(c) Jack Ballard
In late October I moved out of the condo I’d been renting and into a house. Situated next to a couple of vacant lots with the backyard adjacent to a golf course, I was happy to find a nest box hung on a post near the fairway. Much of the winter was spent in speculation regarding what occupants (if any) might claim the box. Yesterday I found out.
While sitting in a favorite chair writing, I glanced outside to see a flutter of blue. The flutterer hovered over the nest box, then perched on its roof. As blue as the big blue sky overhead, this male mountain bluebird was as pretty and energetic as any I’ve seen previously. He ducked inside the box, then poked his head out the hole, like a prospective home-buyer appraising the front yard from the entryway of a house. He dropped to the ground to snatch a bug, then winged up to perch happily on the top of the post to which the nest box is attached. How wonderful, I thought, to have such a beautiful bird for a neighbor.
It turns out the other birds don’t like him. This bluebird is a bully. After a day of watching him harass pine siskins, chickadees and house finches from my feeders, I moved them to a tree further from the nest box. That’s spared the little guys, but the bully also shoves bigger boys around. A male robin hunting for worms beneath the bluebird’s perch was promptly attacked and driven away. Ravens occasionally visit my neighborhood. Will he take them on as well?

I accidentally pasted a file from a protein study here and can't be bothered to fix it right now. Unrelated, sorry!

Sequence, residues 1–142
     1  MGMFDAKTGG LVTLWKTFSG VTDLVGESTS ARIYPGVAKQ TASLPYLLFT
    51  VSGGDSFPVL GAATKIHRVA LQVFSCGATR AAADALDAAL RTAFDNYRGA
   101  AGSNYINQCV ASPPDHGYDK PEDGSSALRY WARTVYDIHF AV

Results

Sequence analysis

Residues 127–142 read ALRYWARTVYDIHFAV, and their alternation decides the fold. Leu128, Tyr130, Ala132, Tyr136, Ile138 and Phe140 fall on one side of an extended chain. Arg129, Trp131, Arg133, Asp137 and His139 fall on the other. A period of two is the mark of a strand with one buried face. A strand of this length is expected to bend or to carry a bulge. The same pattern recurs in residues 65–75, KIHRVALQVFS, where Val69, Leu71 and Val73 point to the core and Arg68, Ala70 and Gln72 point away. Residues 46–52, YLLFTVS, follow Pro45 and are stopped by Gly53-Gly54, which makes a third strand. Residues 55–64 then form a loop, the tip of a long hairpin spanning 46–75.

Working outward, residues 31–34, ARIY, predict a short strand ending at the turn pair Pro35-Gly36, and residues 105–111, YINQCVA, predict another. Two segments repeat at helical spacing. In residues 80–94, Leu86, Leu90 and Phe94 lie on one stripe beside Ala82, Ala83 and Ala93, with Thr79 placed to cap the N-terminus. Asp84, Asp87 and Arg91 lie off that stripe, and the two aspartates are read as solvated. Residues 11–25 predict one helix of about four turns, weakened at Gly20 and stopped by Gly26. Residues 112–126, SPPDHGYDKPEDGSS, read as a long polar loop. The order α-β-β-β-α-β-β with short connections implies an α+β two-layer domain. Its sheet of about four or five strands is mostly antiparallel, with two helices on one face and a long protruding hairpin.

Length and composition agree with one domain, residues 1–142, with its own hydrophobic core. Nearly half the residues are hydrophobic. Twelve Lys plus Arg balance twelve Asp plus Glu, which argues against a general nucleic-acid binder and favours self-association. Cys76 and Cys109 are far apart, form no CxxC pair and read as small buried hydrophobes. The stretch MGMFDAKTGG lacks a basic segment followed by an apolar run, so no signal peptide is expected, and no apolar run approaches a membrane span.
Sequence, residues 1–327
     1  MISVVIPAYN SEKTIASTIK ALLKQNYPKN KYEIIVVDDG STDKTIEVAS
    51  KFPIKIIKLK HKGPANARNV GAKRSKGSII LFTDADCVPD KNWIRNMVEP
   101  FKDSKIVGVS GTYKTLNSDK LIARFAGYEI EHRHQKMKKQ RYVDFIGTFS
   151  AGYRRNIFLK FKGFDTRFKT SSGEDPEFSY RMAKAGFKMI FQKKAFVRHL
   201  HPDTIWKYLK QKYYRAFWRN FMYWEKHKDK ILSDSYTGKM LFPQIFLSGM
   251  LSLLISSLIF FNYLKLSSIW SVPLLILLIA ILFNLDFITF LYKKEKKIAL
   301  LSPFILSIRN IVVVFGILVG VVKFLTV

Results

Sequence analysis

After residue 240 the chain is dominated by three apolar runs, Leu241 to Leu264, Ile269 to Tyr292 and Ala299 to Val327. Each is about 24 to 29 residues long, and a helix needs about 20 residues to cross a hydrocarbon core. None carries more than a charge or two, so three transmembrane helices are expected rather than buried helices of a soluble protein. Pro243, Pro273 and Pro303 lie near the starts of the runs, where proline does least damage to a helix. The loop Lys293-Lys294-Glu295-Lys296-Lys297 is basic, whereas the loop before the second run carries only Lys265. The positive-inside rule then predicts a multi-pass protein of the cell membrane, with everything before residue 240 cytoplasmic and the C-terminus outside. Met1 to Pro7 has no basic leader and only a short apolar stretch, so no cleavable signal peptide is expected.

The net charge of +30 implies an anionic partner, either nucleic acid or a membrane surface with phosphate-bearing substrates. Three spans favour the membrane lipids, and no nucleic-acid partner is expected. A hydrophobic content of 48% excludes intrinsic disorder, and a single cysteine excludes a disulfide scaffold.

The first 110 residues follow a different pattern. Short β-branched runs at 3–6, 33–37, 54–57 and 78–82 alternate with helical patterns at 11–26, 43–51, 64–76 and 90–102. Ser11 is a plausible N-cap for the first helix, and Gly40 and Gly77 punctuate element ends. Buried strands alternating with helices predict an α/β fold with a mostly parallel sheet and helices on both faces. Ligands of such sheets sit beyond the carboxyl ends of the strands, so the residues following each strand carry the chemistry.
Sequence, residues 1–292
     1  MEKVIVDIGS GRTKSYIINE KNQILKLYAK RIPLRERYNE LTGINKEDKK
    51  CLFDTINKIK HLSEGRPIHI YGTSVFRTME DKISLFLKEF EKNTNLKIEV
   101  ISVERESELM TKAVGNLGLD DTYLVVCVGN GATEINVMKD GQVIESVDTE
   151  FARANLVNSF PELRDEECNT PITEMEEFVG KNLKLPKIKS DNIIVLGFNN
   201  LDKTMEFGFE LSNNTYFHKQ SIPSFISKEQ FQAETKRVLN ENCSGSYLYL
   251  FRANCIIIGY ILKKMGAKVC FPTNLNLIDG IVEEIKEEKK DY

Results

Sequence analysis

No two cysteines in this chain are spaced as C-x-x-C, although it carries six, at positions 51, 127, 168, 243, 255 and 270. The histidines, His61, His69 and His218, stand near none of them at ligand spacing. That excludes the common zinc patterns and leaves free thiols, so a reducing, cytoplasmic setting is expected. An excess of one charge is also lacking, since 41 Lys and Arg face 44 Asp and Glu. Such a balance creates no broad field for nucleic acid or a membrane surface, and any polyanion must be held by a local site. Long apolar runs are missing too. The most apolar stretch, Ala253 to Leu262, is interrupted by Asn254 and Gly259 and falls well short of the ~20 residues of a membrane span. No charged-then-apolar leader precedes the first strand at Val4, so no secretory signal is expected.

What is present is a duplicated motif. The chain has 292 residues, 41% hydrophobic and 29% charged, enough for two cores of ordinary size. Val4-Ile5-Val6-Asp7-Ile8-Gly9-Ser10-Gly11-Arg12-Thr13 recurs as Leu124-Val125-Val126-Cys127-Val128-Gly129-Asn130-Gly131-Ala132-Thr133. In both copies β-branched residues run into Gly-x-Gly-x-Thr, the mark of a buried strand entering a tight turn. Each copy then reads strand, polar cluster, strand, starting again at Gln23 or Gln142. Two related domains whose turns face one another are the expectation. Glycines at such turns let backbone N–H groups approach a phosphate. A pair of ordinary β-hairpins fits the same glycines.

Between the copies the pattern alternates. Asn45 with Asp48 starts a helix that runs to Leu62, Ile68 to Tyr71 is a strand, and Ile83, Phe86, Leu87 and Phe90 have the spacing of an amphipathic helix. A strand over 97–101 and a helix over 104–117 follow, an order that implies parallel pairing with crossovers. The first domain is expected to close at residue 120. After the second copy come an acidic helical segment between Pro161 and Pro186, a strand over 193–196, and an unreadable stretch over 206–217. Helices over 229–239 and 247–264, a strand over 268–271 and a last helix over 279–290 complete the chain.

Chances are he will. Bluebirds are highly territorial. Male mountain bluebirds can be exceptionally aggressive. With such a pugnacious personality, I’m wondering how well he’ll attract a mate.
Yesterday, he found his female. But before I describe her, let’s pose a question from human courtship. What kind of girl goes for a bully? Cut through all the politically correct speech and the answer is simple. Only stupid girls stoop to consorting with bullies.
It appears the same principle holds in mountain bluebird circles. The bully has a mate, but she’s a bimbo. A comely little thing with olive overtones to her plumage and striking blue highlights in her tail feathers, she is uncommonly pretty. But oh so stupid. For the past three days she’s spent most of her waking hours attacking her reflection in my picture windows. Thinking myself clever, I decided to save the bimbo from herself. I carefully printed and cut out a sizeable image of a hawk and taped it to the pane, a tactic that has worked to keep birds from bashing into glass in the past.
She now attacks the hawk. I’m not sure what to do. My teenage son has suggested that perhaps it wouldn’t be a bad thing if she broke her neck and spared her species a dose of defective genes. I’m not sure I’m willing to keep my blinds drawn all summer to protect a brainless bimbo.
But maybe that’s what I get for harboring a bully…